k1049 BC-KS-Algae-Lake 1stLd-Writethru 07-13 0340
Published on -7/13/2009, 11:49 AM
Fish targeted in fight to clear Kan. lake of algae
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MARION, Kan. (AP) -- Wildlife officials are trying to rid a central Kansas lake of two fish species they say could be to blame for helping cause algae blooms that have tainted the water supplies of two nearby towns.
Commercial fishermen have been granted permission to snare carp and buffalo fish Marion Lake. The lake has experienced harmful blooms of blue-green algae since 2003, said Neal Whitaker, a park ranger with the Army Corps of Engineers.
Officials say the carp, which were brought to the state more than 100 years ago, out-compete other fish species for food and root around in the shallows. The rooting releases large amounts of nutrients from the lake bottom that feed the algae and could possibly keep aquatic plants from growing that are believed to help keep the algae in check.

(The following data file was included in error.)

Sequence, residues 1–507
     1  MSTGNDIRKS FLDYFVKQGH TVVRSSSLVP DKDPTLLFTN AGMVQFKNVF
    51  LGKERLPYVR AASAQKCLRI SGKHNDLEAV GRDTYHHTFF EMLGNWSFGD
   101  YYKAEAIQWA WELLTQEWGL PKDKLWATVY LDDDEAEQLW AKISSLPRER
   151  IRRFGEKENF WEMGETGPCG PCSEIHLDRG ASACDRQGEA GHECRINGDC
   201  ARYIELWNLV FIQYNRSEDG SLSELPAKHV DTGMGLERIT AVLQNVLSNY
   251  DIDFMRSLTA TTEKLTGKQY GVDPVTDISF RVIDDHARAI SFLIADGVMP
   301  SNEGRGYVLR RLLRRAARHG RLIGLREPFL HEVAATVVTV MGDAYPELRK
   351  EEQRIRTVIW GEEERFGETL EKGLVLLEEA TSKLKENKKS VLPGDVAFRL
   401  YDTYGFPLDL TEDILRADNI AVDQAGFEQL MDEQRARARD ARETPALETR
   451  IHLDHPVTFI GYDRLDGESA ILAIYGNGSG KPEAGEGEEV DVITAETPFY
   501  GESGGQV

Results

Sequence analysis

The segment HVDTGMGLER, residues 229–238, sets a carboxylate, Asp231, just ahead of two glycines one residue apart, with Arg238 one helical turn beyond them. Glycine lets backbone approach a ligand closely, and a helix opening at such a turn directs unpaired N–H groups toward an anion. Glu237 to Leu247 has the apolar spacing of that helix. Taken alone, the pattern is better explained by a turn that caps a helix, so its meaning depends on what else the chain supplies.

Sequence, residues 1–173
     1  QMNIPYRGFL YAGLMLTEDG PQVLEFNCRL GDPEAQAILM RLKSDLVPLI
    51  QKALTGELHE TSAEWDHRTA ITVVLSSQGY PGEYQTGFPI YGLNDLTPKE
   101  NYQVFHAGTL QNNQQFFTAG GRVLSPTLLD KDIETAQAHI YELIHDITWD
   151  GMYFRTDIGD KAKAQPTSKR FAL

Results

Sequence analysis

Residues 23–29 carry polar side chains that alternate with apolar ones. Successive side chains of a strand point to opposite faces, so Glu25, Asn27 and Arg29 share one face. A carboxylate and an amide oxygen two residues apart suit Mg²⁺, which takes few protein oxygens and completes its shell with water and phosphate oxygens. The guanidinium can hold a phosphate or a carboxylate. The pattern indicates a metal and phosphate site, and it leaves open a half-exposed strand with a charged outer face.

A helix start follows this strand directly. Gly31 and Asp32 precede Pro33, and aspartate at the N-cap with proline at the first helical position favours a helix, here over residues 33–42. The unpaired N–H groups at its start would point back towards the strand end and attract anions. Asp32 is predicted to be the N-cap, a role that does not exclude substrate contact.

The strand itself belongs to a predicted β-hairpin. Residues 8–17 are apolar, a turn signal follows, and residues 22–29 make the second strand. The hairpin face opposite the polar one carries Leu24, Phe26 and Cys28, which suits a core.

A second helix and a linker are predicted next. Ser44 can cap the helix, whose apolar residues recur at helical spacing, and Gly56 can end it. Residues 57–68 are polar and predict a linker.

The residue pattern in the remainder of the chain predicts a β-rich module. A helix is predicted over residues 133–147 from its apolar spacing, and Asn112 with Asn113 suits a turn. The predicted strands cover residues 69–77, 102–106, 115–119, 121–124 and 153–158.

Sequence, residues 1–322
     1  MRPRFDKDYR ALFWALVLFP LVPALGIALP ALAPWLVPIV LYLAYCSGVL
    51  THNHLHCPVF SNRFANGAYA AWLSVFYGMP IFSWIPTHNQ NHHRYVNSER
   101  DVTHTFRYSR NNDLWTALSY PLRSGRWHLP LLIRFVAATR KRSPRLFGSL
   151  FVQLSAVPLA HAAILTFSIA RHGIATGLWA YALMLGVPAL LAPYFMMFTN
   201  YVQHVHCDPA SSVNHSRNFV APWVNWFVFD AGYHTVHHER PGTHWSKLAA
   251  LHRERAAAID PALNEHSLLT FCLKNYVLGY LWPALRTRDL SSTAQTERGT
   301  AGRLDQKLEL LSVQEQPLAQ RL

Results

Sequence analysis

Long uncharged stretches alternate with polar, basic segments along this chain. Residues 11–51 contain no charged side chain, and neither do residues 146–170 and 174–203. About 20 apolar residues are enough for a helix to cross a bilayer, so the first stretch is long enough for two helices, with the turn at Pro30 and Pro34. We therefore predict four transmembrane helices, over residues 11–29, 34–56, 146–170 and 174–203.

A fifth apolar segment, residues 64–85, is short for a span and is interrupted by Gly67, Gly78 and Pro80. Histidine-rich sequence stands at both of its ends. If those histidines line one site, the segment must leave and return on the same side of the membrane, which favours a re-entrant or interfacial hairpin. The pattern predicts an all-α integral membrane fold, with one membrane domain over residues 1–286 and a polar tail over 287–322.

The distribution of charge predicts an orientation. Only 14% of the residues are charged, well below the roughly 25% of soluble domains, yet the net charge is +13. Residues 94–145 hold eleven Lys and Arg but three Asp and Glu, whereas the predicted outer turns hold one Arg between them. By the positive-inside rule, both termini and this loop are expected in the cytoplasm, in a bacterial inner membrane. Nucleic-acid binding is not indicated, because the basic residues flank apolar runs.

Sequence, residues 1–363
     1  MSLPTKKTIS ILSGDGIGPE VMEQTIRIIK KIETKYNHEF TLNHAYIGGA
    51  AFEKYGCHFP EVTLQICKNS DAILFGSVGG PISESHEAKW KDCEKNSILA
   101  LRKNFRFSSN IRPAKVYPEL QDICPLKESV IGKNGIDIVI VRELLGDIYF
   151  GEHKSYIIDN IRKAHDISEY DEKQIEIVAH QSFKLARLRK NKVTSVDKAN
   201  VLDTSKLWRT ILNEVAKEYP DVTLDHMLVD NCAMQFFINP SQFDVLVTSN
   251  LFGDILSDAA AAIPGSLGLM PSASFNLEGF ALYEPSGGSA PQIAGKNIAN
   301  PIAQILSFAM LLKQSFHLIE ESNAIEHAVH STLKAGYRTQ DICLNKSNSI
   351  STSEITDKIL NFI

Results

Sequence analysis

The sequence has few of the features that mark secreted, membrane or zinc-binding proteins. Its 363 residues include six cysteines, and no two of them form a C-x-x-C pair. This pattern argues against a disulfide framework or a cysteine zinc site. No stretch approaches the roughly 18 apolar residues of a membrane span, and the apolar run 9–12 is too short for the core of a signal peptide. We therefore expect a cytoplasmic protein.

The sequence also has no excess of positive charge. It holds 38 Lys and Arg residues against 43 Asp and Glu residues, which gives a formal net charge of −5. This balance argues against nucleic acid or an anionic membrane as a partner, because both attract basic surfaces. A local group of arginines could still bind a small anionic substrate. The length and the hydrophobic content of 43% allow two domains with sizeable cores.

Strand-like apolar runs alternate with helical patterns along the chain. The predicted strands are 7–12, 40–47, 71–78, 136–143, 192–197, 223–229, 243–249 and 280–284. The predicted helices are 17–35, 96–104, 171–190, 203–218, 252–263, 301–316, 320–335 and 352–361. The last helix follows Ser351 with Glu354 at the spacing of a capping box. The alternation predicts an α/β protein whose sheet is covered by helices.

Officials hope removing buffalo fish will allow the plankton population to grow. Plankton eat the algae.
The first bloom at the lake in 2003 became so bad the nearby towns of Marion and Hillsboro had to temporarily suspend drawing their drinking water from the lake, according to The Wichita Eagle.
The blooms, which look like green paint has been poured on the water's surface and often smell nasty, can cause rashes and illnesses if ingested by humans and can be fatal to animals. Several dog deaths have been blamed on drinking contaminated water from Marion.
Information from: The Wichita Eagle, http://www.kansas.com